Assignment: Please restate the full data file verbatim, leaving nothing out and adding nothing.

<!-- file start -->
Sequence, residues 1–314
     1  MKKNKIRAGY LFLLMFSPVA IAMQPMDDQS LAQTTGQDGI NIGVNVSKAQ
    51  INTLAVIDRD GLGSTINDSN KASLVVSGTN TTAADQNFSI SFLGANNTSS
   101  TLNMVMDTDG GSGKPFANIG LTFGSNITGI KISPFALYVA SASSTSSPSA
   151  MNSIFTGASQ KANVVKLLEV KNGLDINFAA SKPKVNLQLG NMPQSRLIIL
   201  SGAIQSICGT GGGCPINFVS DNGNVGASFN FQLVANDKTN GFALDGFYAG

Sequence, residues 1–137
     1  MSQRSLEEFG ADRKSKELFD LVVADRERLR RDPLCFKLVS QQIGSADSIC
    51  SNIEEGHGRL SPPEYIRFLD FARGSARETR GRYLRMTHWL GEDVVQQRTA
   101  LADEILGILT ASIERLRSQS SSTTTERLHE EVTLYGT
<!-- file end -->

Sequence, residues 1–314
     1  MKKNKIRAGY LFLLMFSPVA IAMQPMDDQS LAQTTGQDGI NIGVNVSKAQ
    51  INTLAVIDRD GLGSTINDSN KASLVVSGTN TTAADQNFSI SFLGANNTSS
   101  TLNMVMDTDG GSGKPFANIG LTFGSNITGI KISPFALYVA SASSTSSPSA
   151  MNSIFTGASQ KANVVKLLEV KNGLDINFAA SKPKVNLQLG NMPQSRLIIL
   201  SGAIQSICGT GGGCPINFVS DNGNVGASFN FQLVANDKTN GFALDGFYAG

Sequence, residues 1–137
     1  MSQRSLEEFG ADRKSKELFD LVVADRERLR RDPLCFKLVS QQIGSADSIC
    51  SNIEEGHGRL SPPEYIRFLD FARGSARETR GRYLRMTHWL GEDVVQQRTA
   101  LADEILGILT ASIERLRSQS SSTTTERLHE EVTLYGT